— Traffic fatalities are among the leading causes of death of 15–29 year olds.
— Study examines consequences of Uber’s rollout in Great Britain for road accidents.
— Uber associated with a 9% decline in serious road accident injuries.
— Slight injuries declined outside of London with Uber, but increased within London.
— No effect of Uber on traffic fatalities.
The nature of transportation has fundamentally transformed in recent years with the rise of ridehailing providers such as Uber. Yet, few studies have examined whether there is an association between ridehailing and rates of road accident injuries, and virtually all of the existing studies focus on the exceptional case of the United States. In this study, we exploit differences in the timing of the deployment of Uber across Britain to test the association between the advent of Uber’s ridehailing services and rates of fatal and non-fatal road accidents. We find that the deployment of Uber in Great Britain is associated with a marginally significant reduction in the number of serious road accident injuries (e.g., fractures and internal injuries), although not the number of serious accidents. Slight injuries (e.g., sprains and bruises) declined outside of London after the rollout of Uber, but increased within London. We do not observe a statistically significant association between Uber and traffic fatalities. One interpretation for the decline in serious road injuries is that Uber may be a substitute form of transportation for risky drivers, including drink-drivers. However, ridehailing is also a substitute for public transit, particularly buses. The increase in the number of cars on the road may explain why slight injuries increased in London following Uber’s rollout.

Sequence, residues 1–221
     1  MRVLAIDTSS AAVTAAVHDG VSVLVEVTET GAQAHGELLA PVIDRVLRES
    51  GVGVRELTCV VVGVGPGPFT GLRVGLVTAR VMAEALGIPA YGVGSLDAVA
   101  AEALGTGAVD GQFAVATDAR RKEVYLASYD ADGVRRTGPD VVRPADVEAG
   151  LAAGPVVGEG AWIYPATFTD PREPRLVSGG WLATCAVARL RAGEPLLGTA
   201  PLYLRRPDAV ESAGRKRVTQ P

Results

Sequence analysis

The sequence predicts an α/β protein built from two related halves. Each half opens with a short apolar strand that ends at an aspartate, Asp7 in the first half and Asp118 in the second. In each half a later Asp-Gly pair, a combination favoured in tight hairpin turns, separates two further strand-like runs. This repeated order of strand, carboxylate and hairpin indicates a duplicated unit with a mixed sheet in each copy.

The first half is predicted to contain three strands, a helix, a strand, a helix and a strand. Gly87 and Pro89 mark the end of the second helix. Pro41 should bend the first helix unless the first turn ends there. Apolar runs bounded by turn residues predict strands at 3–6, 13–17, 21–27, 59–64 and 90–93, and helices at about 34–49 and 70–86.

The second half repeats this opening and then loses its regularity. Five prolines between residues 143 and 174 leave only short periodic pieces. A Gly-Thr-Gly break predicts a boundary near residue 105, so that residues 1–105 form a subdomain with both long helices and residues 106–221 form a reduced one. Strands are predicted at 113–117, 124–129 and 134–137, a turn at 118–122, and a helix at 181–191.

If readers want a copy the full research paper, it may be purchased at: https://www.sciencedirect.com/science/article/abs/pii/S0277953620300125